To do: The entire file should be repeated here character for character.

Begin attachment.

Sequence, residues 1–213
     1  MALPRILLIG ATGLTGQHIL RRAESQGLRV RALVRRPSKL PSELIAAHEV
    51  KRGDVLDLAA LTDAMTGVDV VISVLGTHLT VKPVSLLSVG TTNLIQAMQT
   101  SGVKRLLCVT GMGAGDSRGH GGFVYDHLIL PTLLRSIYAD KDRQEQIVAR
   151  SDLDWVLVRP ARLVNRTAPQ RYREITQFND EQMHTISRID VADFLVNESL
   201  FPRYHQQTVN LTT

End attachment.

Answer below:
Sequence, residues 1–213
     1  MALPRILLIG ATGLTGQHIL RRAESQGLRV RALVRRPSKL PSELIAAHEV
    51  KRGDVLDLAA LTDAMTGVDV VISVLGTHLT VKPVSLLSVG TTNLIQAMQT
   101  SGVKRLLCVT GMGAGDSRGH GGFVYDHLIL PTLLRSIYAD KDRQEQIVAR
   151  SDLDWVLVRP ARLVNRTAPQ RYREITQFND EQMHTISRID VADFLVNESL
   201  FPRYHQQTVN LTT